ImpactAlpha, October 1 – The challenge of universal healthcare access for India’s uninsured rural poor has been made starkly clear by the COVID crisis. The country’s six million cases ranks second in the world. (The U.S., with a quarter of India’s population, is No. 1, with more than seven million cases.) Entrepreneurs and investors are seizing the moment to build digital health services to fix, streamline and expand care services offered through traditional brick and mortar clinics and hospitals.
The latest example: A pre-Series A investment round for Kerala-based BestDoc, which offers management software to help India’s primary health centers handle scheduling, payment, customer surveys and, during the pandemic, online telemedicine appointments.
Accel and Bangalore-based Arkam Ventures invested.
Investments in digital health startups reached $587 million last year — a four-fold increase from 2014. The three drivers, according to Prabu Thiruppathy of impact investor KOIS, include:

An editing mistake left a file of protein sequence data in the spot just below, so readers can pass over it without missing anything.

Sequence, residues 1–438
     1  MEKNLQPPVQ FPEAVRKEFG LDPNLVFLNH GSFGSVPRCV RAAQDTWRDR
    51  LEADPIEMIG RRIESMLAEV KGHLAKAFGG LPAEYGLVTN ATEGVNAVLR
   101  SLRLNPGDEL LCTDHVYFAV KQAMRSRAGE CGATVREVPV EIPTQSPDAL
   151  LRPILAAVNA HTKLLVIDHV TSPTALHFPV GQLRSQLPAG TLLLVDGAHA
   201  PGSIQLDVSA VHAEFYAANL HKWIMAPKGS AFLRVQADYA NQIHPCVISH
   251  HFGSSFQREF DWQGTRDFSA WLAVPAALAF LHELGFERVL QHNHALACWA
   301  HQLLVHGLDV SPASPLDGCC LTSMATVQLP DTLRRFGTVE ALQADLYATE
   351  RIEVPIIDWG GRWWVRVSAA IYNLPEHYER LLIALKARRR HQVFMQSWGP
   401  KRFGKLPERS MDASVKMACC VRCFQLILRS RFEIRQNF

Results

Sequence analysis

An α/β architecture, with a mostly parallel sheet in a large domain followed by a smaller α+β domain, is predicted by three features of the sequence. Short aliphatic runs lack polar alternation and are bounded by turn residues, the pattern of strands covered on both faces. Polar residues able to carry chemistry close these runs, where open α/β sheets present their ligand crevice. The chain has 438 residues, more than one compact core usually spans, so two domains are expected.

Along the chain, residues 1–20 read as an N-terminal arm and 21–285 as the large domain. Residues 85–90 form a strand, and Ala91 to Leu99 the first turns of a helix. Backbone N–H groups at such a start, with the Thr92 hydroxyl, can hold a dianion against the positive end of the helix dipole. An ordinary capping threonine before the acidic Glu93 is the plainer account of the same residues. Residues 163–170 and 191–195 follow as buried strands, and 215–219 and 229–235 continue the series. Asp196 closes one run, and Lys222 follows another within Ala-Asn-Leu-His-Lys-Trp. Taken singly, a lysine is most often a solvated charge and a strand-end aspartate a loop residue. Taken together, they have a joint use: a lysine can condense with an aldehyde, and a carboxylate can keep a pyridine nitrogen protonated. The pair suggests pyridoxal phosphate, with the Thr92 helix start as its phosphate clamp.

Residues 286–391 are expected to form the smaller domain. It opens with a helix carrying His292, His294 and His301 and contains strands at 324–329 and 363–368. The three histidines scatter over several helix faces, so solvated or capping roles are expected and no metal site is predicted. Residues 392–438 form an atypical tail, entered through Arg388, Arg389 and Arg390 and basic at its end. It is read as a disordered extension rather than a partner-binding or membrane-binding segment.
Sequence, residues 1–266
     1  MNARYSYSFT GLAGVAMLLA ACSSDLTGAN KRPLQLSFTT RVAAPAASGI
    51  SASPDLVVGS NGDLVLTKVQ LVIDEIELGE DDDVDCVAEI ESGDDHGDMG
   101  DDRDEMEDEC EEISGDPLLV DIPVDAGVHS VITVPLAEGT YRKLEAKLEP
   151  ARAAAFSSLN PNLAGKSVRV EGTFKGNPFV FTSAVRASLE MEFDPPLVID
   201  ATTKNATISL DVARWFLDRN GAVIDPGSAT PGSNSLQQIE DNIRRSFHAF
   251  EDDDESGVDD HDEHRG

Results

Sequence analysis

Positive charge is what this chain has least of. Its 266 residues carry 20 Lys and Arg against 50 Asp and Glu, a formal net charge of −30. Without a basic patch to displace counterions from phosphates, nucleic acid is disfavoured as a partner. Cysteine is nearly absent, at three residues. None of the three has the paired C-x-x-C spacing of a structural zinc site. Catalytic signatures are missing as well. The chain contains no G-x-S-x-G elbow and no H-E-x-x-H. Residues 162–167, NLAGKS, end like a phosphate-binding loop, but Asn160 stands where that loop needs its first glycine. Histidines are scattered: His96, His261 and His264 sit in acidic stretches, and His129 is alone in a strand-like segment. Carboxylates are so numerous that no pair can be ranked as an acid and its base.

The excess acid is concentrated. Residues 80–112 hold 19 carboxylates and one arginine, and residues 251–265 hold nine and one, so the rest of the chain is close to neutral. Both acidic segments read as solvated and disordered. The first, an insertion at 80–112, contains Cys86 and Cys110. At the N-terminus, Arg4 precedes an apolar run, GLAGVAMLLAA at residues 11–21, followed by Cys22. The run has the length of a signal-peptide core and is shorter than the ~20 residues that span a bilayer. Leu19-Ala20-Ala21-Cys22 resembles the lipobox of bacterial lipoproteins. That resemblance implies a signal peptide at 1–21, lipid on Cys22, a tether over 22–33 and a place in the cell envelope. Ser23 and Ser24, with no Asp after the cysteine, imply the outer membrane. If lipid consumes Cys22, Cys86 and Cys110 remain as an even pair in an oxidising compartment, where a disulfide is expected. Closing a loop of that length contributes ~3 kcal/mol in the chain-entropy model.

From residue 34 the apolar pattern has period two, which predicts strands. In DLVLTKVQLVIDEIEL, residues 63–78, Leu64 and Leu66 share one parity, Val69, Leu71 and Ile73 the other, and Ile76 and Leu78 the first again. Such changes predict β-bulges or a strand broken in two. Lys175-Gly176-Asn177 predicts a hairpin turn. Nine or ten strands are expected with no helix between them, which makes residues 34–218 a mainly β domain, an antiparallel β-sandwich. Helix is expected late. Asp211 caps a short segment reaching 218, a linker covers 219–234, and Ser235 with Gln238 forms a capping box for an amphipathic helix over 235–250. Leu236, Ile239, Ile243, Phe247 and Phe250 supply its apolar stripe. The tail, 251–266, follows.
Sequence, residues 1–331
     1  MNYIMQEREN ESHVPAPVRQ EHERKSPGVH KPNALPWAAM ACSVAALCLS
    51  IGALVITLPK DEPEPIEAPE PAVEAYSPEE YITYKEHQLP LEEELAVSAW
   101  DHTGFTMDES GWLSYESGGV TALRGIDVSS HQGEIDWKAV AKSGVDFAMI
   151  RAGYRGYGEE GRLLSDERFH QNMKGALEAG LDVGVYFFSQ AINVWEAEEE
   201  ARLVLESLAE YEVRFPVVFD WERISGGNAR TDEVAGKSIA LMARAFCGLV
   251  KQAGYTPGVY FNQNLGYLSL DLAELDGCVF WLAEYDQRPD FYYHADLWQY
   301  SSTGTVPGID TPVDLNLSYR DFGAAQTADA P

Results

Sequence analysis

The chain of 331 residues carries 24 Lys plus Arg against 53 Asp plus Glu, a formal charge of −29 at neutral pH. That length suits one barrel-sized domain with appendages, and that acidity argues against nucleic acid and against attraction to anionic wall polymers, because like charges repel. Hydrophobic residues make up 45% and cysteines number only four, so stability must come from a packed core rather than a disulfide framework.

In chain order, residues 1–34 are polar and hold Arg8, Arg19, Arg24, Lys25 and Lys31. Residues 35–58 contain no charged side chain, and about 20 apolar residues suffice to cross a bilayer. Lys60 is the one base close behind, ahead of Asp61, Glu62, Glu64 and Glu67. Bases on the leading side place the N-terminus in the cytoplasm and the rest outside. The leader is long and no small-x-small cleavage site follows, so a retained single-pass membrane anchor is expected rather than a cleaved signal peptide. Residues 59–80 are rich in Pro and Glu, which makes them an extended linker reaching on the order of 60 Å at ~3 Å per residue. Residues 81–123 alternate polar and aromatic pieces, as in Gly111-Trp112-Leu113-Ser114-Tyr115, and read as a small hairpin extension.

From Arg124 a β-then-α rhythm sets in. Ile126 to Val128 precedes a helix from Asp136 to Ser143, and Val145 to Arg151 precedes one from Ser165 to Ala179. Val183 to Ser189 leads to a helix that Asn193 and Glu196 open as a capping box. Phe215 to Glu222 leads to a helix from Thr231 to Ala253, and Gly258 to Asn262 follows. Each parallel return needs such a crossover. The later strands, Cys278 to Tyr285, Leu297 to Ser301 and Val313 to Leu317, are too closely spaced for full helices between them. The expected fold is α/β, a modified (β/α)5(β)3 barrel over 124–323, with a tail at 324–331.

- The telecom boom: “Every household has at least one phone that can send and receive SMS and which has constant connectivity. So mobile access now reaches to the bottom of the economic pyramid and has really enabled India to open up.”
- Talent: A younger generation of tech-savvy healthcare providers and operators have more readily embraced tech in the health sector.
- Policy: the Indian government favors accelerated adoption of health tech to expand health care access and quality.
Investments have only accelerated amid the pandemic. Genetic diagnostics company MedGenome’s $55 million round in April, led by LeapFrog Investments, was an early example. Thiruppathy and Pinak Shrikhande of New Delhi-based healthcare venture fund HealthQuad anticipate that 2020 will indeed be digital health’s breakout year; COVID will speed adoption of solutions already designed to address health crises.
“Before the coronavirus there was an epidemic of chronic diseases happening in India,” says Shrikhande.
To slow and eventually reverse that trend, “it’s not good enough to have incremental growth in hospitals, doctors and manpower,” he adds. “We have to leverage technology to leapfrog into non-conventional modes of care delivery.”
The pandemic is having a similar impact on online education acceleration in India (see, “Vedantu closes $100 million in India’s red hot edtech market”). The latest example: BYJU, one of India’s “big three” edtech companies, secured backing from new investors BlackRock, Sands Capital and Alkeon Capital in a new $500 million funding round.